Kansas City hospitals are reaching capacity due to the strain of Covid-19, hospital officials say.
Chief medical officers from seven hospital systems told reporters during a Zoom news conference that city hospitals could be overwhelmed in a matter of weeks.
"If widespread community transmission continues to go up, we will be overwhelmed," said Dr. Steven Stites, chief medical director at the University of Kansas Health System. "That is the inescapable conclusion that we face."
"Covid is the leading admission diagnosis" at the University of Kansas, Dr. Stites said.
The physicians, who earlier briefed local officials on the matter, say hospitalizations in the region are at their highest since the beginning of the Covid-19 pandemic. They say the issue is less about the number of available beds as much as it is about the staffing to support patients who might occupy those beds.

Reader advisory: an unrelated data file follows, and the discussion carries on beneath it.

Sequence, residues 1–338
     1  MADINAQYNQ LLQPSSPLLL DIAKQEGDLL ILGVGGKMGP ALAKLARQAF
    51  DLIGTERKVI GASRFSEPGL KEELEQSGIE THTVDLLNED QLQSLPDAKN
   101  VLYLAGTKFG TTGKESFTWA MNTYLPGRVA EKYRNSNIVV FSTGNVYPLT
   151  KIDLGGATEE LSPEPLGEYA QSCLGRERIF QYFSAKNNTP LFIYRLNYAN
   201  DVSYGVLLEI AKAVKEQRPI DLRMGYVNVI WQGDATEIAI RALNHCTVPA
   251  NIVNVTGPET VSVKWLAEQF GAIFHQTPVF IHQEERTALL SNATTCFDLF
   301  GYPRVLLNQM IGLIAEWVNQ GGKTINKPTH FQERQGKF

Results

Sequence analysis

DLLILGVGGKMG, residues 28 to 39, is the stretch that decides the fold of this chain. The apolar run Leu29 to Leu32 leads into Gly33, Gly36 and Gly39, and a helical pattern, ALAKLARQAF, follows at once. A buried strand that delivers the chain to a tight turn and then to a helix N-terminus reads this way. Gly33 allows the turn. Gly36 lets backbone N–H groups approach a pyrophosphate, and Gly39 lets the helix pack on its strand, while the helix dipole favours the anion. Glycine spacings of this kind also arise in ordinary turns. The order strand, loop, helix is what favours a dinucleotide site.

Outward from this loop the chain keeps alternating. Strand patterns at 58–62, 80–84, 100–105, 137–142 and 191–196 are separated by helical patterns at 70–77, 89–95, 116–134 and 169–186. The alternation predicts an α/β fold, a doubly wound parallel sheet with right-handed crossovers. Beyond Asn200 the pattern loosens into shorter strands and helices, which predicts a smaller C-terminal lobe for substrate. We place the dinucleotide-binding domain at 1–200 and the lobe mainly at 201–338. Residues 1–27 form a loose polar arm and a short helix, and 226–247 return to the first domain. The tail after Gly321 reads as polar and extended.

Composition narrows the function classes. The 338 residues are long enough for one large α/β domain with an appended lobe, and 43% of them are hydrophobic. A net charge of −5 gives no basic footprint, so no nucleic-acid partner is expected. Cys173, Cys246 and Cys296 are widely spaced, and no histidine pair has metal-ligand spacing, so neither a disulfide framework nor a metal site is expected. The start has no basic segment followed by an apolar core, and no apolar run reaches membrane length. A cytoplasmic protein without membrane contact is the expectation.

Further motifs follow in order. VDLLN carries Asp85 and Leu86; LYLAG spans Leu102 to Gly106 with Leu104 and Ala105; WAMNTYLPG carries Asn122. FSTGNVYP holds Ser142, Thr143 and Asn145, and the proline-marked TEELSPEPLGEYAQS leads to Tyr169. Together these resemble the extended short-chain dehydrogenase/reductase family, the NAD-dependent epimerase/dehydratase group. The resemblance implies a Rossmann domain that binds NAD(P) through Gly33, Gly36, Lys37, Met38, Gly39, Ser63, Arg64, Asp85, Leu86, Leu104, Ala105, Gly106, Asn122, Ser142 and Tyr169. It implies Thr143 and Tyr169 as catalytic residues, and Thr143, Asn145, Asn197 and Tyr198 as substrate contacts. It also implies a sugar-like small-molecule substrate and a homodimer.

"Basically, there's a staffing shortage, and that staffing shortage is not going away any time soon," said Dr. Stites.
"When we try to go get agency nurses or travelling nurses and things like that, we're trying to borrow from the same pool," he said.
On Tuesday, Kansas City area hospitals had 153 non-intensive care unit beds, but only 76 that could be staffed, and 32 ICU beds of which only 22 could be staffed, according to David Wild, Vice President of Performance Improvement at the University of Kansas Health System. This creates a significant difference from statistics that appear on the US Department of Health and Human Service's database of available beds, he said.
The doctors, while emphasizing that they're not at this point yet, said one unfortunate way to handle maximum capacity would be to ask patients to hold off on elective surgery to help with hospital capacity issues. They said this is a bad option because patients who do not address health issues during the Covid crisis can worsen their outcomes.